Microbes on Earth's seafloor may aid the search for alien life

Researchers from Arizona State University studied an area called the Samail Ophiolite, off the coast of Oman.
Researchers from Arizona State University studied an area called the Samail Ophiolite, off the coast of Oman. (Image credit: Kirt Robinson)

Microorganisms living on a large slab of ancient seafloor in the Persian Gulf may reveal clues about life on other planets, according to a new study. 

Researchers from Arizona State University studied an area called the Samail Ophiolite, located off the coast of Oman. This large slab of oceanic crust is made of volcanic rocks and ultramafic rocks from Earth's upper mantle. These rocks exhibit a unique geological process called serpentinization, whereby water reacts with the rocks to create hydrogen gas that is oxidized by microorganisms. 

"It is believed that processes like serpentinization may exist throughout the universe, and evidence has been found that it may occur on Jupiter's moon Europa and Saturn's moon Enceladus," lead study author Alta Howells, a postdoctoral program fellow at NASA's Ames Research Center in California, said in a statement from Arizona State University. 

Related: Earth's atmosphere is full of microbes. Could they help us find life on other worlds? 

The researchers investigated microorganisms known as methanogens, which produce methane by oxidizing hydrogen gas with carbon dioxide. These organisms are simple life-forms that likely evolved early on Earth. 

Therefore, studying the biodiversity of serpentinization-hosted ecosystems may help researchers better understand the possibility of life on other planets and develop instruments that can detect such life on ocean worlds beyond Earth, according to the statement.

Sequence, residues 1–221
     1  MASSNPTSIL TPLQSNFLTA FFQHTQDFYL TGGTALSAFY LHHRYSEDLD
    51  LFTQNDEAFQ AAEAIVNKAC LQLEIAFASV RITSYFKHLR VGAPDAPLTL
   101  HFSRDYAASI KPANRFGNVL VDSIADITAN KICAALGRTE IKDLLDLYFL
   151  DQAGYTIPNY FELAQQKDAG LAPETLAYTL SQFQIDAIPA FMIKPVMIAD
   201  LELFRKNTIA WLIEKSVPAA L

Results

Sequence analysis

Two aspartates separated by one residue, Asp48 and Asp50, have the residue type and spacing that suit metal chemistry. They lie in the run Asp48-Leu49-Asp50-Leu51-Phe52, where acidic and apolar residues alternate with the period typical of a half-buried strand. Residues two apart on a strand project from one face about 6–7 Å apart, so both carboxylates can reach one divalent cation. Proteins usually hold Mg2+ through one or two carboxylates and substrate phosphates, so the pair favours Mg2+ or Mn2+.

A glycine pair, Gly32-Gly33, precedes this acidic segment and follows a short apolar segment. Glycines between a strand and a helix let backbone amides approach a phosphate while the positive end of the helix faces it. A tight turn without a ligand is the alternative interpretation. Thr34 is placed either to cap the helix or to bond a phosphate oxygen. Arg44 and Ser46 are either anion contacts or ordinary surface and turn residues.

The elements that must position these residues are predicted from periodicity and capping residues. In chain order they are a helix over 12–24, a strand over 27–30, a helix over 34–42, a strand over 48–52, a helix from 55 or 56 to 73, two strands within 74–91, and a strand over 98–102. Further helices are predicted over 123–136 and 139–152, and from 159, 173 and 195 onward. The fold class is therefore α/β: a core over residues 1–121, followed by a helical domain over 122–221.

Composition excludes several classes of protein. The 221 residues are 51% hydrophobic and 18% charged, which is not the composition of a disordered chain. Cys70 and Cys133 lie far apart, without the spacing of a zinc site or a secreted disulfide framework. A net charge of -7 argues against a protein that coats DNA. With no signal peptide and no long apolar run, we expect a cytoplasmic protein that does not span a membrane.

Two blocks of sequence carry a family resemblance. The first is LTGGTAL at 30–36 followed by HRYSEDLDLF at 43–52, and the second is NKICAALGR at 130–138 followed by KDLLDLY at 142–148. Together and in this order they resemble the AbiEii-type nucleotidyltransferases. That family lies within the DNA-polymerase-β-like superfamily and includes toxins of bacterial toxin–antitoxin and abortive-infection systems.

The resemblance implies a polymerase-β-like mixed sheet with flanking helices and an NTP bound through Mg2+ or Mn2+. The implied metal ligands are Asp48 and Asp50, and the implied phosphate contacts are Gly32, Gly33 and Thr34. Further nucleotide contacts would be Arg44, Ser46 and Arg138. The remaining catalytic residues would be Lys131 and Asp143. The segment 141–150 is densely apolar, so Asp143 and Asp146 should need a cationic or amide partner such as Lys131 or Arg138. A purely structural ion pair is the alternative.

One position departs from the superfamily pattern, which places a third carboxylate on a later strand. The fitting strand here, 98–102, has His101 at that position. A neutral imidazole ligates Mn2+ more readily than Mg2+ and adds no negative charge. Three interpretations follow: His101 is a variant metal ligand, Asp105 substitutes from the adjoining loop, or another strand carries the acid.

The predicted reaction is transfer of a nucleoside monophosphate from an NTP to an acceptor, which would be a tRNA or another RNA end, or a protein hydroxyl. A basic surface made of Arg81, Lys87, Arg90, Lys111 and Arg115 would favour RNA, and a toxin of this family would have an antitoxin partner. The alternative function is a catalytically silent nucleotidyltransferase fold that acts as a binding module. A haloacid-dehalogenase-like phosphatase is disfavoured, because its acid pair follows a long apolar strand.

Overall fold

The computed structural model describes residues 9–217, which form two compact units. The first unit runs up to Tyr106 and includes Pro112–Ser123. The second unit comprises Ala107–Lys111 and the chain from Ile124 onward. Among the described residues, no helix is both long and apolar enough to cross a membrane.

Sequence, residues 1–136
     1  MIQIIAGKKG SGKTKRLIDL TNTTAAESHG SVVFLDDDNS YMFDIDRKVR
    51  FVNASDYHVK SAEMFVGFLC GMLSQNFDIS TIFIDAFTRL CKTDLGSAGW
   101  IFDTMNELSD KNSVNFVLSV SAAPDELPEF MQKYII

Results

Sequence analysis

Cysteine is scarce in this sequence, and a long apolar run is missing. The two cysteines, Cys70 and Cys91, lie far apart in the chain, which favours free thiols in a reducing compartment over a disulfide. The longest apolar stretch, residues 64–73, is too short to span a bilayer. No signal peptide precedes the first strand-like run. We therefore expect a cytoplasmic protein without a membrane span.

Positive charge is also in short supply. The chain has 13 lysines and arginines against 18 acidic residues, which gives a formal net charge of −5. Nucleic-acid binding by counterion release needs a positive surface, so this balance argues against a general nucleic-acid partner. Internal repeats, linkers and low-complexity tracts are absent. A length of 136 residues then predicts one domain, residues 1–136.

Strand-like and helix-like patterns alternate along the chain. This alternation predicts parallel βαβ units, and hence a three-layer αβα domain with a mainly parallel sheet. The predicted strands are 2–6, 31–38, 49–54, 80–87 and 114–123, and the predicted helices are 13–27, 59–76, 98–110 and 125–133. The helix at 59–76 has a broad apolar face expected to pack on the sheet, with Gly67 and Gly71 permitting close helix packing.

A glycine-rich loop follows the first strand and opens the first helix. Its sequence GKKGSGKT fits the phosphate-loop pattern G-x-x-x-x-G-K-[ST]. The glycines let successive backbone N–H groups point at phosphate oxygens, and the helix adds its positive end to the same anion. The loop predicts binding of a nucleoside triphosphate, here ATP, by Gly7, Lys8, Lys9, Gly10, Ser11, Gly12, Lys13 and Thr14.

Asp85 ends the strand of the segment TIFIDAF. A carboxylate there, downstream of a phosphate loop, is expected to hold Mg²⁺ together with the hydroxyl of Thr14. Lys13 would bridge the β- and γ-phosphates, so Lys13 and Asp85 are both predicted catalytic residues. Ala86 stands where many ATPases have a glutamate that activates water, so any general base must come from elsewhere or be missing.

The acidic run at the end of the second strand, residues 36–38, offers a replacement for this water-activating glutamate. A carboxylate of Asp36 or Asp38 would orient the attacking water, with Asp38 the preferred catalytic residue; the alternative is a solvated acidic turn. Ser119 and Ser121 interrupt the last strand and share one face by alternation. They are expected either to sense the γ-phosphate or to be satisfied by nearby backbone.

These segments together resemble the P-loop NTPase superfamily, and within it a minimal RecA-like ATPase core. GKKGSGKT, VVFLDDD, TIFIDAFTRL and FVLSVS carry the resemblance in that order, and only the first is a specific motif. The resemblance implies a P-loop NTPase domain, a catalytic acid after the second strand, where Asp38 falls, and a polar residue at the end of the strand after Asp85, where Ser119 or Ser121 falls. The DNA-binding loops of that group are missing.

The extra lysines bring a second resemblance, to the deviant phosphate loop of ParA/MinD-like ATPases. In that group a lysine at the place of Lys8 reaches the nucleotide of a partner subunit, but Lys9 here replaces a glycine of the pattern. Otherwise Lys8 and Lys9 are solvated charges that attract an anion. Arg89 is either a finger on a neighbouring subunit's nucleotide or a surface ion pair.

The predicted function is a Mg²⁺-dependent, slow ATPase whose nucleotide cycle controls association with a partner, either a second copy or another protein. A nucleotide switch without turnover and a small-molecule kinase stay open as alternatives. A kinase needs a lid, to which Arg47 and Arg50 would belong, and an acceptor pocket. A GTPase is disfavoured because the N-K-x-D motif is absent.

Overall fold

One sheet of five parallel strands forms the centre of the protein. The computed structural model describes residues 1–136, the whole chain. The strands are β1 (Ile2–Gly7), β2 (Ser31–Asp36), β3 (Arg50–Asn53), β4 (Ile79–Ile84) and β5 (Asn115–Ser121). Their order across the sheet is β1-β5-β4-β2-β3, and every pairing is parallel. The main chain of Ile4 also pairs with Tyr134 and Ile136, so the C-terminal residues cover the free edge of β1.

An analysis of the serpentinized fluids present in the Samail Ophiolite revealed that methanogens may not be supported in all ecosystems where serpentinization occurs. Instead, organisms that reduce sulfate for energy may be prevalent. However, these organisms don't produce methane. This insight will prove helpful for developing proper instrumentation to search for alien life, the researchers said. 

In addition, the researchers found that methanogens in serpentinized fluids require more energy than methanogens found in freshwater or marine sediments. This may be the result of the high pH of serpentinized fluids or the low availability of carbon dioxide, according to the statement.

"A requirement for energy is fundamental to all life on Earth," Howells said in the statement. "If we can develop simple models with energy supply as a parameter to predict the occurrence and activity of life on Earth, we can deploy these models in the study of other ocean worlds."

The findings were published in the Journal of Geophysical Research: Biogeosciences

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Samantha Mathewson
Contributing Writer

Samantha Mathewson joined Space.com as an intern in the summer of 2016. She received a B.A. in Journalism and Environmental Science at the University of New Haven, in Connecticut. Previously, her work has been published in Nature World News. When not writing or reading about science, Samantha enjoys traveling to new places and taking photos! You can follow her on Twitter @Sam_Ashley13.